There were a couple of bags that survived and when I was packing for a recent trip to North Carolina, I decided to take some snacks. There was one bag of Fritos that had escaped the onslaught of the furry visitors and I figured something salty might taste good later on so I tossed them into my snack bag. Sure enough, one night at the hotel, I decided the time for something salty had come. I opened the bag, and with great anticipation tossed a couple of Fritos in my mouth. Well, guess what? Yup…they were stale.

Wait a minute. We had checked the bags…the violated ones had been tossed and only the survivors were kept. This was one of the survivors. So, I began to check the bag again and here is what I found. At the bottom of the bag, near the seam, was the tiniest, the smallest hole you could imagine. It was so small, I had to look twice. But guess what? It was enough for the seal to be broken and when the seal is broken…things go stale pretty quickly. Sure, the fresh by date was months down the road, but that assumed a little furry visitor didn’t poke a hole in the bag.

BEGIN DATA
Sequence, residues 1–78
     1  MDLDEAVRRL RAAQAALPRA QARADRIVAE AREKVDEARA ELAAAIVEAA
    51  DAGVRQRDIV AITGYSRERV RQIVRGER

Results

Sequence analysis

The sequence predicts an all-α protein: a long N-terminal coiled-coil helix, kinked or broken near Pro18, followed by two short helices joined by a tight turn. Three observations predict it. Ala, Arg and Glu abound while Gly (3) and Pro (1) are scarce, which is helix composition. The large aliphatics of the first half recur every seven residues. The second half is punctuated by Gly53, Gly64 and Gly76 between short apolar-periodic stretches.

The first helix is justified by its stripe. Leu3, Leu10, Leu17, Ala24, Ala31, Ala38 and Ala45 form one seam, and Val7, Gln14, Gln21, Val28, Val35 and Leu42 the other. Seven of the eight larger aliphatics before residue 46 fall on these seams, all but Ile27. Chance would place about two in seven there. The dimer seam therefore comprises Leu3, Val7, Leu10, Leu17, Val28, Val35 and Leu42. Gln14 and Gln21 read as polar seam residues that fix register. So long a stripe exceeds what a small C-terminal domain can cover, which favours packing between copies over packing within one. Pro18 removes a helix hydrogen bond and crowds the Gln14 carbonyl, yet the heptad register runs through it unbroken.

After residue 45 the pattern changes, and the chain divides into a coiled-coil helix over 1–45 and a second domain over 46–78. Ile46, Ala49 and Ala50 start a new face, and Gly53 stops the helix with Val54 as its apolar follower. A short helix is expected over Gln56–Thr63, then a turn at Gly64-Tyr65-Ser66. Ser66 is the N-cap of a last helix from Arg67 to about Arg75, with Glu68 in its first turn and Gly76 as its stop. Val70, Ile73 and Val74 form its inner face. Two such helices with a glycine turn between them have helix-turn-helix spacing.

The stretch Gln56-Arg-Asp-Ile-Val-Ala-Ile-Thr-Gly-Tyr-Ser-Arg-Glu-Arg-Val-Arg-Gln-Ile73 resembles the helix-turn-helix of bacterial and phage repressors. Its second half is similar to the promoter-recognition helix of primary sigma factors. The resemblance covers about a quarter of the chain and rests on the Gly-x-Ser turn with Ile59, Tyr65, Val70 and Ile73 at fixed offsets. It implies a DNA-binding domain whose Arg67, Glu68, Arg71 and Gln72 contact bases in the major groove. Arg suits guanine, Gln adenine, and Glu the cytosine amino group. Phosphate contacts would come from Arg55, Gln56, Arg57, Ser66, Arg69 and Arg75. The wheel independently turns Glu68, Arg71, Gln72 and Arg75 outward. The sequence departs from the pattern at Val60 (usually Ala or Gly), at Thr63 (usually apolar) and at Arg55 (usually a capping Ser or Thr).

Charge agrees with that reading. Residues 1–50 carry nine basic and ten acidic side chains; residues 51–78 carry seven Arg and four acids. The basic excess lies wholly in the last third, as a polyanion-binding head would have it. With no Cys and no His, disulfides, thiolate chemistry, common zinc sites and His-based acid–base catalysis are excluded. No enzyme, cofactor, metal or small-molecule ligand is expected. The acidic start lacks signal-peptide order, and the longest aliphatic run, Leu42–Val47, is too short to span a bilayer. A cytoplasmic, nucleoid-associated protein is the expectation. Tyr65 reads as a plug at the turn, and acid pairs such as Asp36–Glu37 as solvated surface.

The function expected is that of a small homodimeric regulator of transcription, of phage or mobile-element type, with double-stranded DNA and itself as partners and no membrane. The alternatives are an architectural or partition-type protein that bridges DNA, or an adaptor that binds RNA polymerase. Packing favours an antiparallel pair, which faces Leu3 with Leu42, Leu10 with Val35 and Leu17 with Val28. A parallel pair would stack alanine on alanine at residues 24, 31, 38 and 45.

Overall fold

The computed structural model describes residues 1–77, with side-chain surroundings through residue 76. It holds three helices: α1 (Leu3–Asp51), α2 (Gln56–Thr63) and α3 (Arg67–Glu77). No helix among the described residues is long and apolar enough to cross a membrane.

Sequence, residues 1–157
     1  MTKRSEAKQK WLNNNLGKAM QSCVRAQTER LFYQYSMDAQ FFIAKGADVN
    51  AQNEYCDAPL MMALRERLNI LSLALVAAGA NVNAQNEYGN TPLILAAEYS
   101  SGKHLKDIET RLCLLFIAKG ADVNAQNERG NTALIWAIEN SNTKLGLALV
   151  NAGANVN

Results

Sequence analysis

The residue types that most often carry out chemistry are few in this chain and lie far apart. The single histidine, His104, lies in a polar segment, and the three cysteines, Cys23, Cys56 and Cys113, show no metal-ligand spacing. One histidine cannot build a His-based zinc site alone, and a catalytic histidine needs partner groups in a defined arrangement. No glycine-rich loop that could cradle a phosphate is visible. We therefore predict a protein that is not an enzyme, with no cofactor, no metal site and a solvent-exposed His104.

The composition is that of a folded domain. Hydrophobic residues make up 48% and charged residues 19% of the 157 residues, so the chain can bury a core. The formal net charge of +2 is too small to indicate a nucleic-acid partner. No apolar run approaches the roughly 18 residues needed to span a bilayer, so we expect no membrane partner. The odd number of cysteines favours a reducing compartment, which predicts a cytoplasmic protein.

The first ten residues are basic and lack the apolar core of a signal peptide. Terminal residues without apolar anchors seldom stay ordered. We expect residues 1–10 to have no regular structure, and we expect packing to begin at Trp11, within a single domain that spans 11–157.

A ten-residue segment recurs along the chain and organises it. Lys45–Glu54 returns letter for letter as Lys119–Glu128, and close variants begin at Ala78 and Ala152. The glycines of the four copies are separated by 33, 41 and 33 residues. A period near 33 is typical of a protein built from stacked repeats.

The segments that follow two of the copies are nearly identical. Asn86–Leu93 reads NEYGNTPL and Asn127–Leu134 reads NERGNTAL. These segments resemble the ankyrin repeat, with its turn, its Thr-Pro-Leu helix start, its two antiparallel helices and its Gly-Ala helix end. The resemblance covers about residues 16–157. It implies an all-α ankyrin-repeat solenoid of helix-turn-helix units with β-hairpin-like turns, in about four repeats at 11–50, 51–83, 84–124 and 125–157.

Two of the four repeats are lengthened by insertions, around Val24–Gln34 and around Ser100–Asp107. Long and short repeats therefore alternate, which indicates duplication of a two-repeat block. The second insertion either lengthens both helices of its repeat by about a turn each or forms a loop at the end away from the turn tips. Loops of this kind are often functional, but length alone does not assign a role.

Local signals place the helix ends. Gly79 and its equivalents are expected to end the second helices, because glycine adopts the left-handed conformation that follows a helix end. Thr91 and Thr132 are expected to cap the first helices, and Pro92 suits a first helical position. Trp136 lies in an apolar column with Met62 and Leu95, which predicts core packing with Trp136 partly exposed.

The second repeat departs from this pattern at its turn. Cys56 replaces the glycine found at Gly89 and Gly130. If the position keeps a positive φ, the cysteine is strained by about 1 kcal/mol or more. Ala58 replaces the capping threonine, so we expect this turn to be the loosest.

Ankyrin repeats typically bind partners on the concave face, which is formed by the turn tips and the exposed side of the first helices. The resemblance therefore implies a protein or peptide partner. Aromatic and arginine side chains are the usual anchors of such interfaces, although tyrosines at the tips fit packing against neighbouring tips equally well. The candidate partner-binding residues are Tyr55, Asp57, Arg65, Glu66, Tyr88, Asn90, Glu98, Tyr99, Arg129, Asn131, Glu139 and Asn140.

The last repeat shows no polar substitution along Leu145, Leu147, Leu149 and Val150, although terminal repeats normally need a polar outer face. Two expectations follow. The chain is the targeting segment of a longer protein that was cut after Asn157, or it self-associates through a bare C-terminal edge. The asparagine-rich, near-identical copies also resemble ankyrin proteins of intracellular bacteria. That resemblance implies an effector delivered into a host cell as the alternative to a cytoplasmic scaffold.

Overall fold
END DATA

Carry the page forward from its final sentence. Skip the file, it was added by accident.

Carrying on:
And that made me think. How could such a small hole make such a big difference? Of course the answer is…the seal was broken…the integrity of the bag was violated. And that made me think about us, about me and my life and my decisions. It made me realize that you don’t have to do something incredibly stupid to have things go south in your life. We are not surprised by some of the things we do…you know…eat a dozen donuts and gain a pound or two. But too often we think the little things don’t matter…but they do…oh, they do.

And all that leads up to one of my favorite verses from the Old Testament. It is found in the Song of Solomon, chapter two, verse 15, “Catch the foxes for us—the little foxes that ruin the vineyards.” Great verse. The author is saying it often it isn’t the elephants walking through our lives that get us…it is the little things that can make life go stale. So we have to be on alert. Remember little things can have big consequences. If you need some help, you might want to call an exterminator…but not the kind you think. You might want to ask the Creator…He is ready to help. As always, big or little, He’s got this too. Bro. Dewayne